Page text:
Words by: Brandee Sanders
Sunday morning rolls around again, and I get the early wake up call from my father. “Get up, Brandee. Get ready for church.” My first thought is to go right back to sleep, because I don’t want to go. It’s not a case of Sunday-morning laziness; I’d just rather not be there, and according to a study conducted earlier this year by the Pew Research Center, two-thirds of young Americans between the ages of 18 and 29 agree with me.
Church isn’t appealing to me, and it never has been. I have vivid memories of sitting in the last pew as a child with crayons and a coloring book for some sort of entertainment. Since I’ve retired the Crayolas and coloring books and started paying closer attention to the sermons, I discovered that some of the messages in church are irrelevant to people of my generation.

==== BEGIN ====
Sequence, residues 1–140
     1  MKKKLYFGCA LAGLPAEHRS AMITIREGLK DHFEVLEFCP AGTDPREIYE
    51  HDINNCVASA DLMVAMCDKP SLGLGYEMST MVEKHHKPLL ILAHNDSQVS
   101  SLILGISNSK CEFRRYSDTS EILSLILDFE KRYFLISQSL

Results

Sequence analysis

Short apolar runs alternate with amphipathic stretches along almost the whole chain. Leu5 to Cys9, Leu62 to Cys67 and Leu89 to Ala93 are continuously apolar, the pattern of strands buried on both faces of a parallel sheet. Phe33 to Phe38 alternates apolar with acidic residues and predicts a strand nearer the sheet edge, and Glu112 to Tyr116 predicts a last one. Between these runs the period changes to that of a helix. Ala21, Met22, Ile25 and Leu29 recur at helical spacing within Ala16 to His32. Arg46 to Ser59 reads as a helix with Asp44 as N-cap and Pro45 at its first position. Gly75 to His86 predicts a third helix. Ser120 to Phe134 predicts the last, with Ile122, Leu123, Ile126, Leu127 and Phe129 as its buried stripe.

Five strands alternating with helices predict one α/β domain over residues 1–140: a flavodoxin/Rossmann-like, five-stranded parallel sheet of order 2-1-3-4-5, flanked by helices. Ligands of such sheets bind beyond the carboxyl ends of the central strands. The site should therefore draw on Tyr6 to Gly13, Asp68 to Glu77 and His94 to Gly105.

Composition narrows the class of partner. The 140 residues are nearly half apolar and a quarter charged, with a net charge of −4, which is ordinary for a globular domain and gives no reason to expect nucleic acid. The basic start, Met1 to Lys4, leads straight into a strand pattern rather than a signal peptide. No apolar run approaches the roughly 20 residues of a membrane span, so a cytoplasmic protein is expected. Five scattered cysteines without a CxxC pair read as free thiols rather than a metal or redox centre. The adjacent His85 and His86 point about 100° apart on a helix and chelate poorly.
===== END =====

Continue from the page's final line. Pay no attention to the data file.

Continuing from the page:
Many church principles simply don’t reflect the views of young Americans. A recent study discovered that young people are more accepting of homosexuality: 63 percent of young adults believe that homosexuality should be accepted within society, versus 50 percent of adults in general. In most churches, discussing homosexuality is a taboo. “There’s denial about homosexuality in the church,” said Boyce Watkins, Ph.D., founder of the Your Black World Coalition. It’s “even to the extreme where you have people who believe that if you pray enough, you will not be gay anymore,” he adds.
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